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Insight: We Must Proceed With Caution - Now’S Not The Time To Shoot Ourselves In The Foot

POLICE Commissioner Paul Rolle pictured after receiving his vaccination on Friday.

Photo: Donovan McIntosh/Tribune Staff

POLICE Commissioner Paul Rolle pictured after receiving his vaccination on Friday. Photo: Donovan McIntosh/Tribune Staff

By MALCOLM STRACHAN

JUST a few weeks into the first jabs going into the arms of Bahamians, reports of increased cases of COVID-19 since January have shown the urgency for citizens to get vaccinated.

In the United States, the race to vaccinate amid the spread of more contagious variants has been under way since the start of the year. Even with 14 percent – more than 47 million - of its population having been fully vaccinated, health experts are still signalling caution after multiple states have experienced hikes in cases.

As restrictions have eased and people have become more comfortable, a dangerous game is being played.

Just next door to the US, top health experts in Canada are warning citizens there could be a seven figure rise in cases by next month unless both prevention and vaccinations occur quickly. Likewise, in Europe, increased cases in Poland, France and Italy have been unsettling with vaccine lagging in countries battling resurgences of the virus.

With the global competition for vaccines intensifying, governments are naturally relying on their citizens to discipline themselves.

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Here at home, the first of PAHO’s 100,000 doses of AstraZeneca will arrive in early April, a little longer than we thought.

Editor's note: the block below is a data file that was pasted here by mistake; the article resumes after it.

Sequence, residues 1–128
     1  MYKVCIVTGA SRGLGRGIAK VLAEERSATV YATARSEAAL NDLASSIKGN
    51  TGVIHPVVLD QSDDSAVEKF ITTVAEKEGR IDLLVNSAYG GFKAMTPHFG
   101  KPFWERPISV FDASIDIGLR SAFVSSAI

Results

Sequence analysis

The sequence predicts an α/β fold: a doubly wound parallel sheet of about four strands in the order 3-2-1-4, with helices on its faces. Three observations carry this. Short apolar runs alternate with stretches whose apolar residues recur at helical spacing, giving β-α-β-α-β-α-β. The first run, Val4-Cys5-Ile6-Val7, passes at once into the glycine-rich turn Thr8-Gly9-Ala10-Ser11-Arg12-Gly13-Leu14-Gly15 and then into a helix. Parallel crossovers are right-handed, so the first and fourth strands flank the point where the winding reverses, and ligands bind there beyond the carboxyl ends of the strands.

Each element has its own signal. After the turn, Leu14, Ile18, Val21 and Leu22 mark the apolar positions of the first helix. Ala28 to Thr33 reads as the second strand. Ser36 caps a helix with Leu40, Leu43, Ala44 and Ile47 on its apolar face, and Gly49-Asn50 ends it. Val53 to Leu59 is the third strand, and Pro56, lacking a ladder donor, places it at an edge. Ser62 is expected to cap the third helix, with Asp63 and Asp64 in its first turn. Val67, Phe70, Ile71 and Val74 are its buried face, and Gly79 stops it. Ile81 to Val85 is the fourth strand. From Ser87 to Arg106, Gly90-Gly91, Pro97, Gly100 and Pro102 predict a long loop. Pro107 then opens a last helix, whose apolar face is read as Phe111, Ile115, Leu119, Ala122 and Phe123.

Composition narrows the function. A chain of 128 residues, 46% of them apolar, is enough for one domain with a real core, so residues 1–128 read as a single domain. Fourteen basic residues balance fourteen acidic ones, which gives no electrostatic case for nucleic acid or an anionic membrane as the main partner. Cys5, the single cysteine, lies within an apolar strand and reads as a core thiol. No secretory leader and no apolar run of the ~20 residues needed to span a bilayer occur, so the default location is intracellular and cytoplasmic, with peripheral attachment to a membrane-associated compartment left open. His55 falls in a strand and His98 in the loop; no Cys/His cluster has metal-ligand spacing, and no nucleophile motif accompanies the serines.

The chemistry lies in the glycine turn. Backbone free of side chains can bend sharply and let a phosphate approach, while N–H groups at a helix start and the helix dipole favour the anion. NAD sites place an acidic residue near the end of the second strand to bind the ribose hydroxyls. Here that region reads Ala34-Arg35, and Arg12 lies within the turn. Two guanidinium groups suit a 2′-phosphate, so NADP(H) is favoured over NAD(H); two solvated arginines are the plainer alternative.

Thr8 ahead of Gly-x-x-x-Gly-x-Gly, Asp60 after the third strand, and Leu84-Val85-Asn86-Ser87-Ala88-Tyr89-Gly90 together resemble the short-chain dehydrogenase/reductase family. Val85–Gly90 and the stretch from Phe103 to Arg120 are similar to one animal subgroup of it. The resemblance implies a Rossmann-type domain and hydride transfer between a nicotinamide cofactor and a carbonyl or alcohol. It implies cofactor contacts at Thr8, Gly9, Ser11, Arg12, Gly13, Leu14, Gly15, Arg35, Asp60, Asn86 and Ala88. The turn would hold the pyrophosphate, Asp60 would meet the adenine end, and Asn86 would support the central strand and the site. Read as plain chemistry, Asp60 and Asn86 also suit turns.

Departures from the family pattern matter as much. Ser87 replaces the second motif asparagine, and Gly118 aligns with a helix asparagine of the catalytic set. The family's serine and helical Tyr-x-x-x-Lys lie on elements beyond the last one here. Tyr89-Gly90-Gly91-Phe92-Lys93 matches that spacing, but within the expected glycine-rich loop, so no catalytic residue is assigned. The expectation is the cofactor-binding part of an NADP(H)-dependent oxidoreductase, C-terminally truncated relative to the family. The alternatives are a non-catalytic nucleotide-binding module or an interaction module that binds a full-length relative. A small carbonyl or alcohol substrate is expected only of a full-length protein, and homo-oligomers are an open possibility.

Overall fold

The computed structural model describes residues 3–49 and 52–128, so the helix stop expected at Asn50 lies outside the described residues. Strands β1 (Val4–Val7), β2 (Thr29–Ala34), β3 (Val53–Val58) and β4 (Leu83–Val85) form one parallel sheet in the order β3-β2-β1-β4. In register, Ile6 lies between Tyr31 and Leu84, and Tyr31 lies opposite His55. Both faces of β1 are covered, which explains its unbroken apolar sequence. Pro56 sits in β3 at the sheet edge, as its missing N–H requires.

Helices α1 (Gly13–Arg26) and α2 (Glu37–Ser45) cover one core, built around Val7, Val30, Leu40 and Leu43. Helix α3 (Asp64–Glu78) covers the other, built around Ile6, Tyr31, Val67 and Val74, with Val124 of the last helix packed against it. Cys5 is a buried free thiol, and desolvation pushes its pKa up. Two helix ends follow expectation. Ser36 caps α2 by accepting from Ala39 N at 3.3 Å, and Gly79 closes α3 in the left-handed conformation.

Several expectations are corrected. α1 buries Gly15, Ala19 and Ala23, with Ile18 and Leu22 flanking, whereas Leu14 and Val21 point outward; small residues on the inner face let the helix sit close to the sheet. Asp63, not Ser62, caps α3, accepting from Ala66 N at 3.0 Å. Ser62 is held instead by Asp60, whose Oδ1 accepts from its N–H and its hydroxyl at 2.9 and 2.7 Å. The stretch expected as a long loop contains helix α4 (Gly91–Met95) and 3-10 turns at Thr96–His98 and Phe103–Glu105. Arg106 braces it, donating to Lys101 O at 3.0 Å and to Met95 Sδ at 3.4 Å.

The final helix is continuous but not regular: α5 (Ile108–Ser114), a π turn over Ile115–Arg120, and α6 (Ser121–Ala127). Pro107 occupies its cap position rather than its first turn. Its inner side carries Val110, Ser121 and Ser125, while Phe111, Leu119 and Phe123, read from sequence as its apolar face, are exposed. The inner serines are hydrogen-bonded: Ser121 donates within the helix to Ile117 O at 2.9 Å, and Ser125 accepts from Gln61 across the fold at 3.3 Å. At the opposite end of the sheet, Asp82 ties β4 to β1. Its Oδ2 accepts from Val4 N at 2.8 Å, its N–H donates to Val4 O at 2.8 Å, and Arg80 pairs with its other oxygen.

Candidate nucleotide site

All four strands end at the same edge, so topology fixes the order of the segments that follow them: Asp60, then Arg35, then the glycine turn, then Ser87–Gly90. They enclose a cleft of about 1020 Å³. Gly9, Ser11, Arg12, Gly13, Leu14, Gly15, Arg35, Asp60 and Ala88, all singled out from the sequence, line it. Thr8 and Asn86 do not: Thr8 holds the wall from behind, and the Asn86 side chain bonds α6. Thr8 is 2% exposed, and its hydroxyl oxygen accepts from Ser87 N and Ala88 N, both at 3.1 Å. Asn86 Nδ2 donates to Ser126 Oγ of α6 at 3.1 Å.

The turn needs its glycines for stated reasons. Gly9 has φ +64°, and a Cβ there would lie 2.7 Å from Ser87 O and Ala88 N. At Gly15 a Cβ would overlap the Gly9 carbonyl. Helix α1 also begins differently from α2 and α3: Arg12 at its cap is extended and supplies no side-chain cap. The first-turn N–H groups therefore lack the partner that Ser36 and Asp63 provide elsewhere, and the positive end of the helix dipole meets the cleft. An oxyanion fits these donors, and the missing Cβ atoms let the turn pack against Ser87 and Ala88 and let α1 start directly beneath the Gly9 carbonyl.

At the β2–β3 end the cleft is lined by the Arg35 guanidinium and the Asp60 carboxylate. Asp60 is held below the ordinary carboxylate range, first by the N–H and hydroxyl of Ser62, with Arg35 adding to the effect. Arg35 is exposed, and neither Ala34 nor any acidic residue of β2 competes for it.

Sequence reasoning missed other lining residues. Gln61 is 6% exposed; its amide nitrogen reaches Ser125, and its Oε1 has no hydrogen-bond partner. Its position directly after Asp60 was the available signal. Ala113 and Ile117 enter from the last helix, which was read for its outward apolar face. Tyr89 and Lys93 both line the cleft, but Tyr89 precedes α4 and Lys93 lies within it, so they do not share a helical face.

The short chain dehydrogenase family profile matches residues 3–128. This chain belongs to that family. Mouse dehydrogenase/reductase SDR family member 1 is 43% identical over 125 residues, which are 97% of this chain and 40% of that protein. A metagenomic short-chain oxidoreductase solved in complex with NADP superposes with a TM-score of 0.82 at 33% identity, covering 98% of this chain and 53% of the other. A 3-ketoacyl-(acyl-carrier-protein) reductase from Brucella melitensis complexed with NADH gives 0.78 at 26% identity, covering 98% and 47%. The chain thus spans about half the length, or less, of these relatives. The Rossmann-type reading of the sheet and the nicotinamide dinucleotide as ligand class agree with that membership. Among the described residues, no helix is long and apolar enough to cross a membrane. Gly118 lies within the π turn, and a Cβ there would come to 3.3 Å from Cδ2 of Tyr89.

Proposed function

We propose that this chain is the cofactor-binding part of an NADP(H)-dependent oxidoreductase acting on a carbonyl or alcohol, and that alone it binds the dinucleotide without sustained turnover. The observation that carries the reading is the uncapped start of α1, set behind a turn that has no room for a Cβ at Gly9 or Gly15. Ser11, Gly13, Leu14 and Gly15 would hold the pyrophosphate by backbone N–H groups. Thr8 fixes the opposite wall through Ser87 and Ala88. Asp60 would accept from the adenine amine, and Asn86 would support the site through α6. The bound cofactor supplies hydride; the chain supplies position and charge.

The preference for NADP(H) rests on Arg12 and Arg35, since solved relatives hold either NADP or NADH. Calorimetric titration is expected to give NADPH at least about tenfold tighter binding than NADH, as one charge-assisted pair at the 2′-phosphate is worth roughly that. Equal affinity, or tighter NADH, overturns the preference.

As election season continues to heat up, campaign events are leading to gatherings that have the potential to become spreader events. While data has not shown a connection so far, there is a concern to see campaign activity increasing at the same time as the increase in COVID-19 cases since January.

We initially did not know how different campaign season this year would be, but with both the FNM and PLP taking the liberty to hold events where attendees aren’t necessarily following the established protocols, we are playing with fire. Furthermore, the parties themselves should be questioned if these actions are responsible with the light at the end of the tunnel in sight.

Anticipating better days ahead, Health Minister Renward Wells stated his confidence we will achieve herd immunity by summer’s arrival once there is successful distribution of the vaccine to our population. Sharing his sentiments with reporters outside Cabinet, Wells said the combination of Bahamians already exposed to the virus along with those receiving vaccinations mean greener pastures in our immediate future.

“Along with our vaccination programme, I do believe that by the time we enter the summer, that The Bahamas would have entered and we would’ve reached our desired herd immunity which means that the country will be able to move in a more positive direction,” said Wells.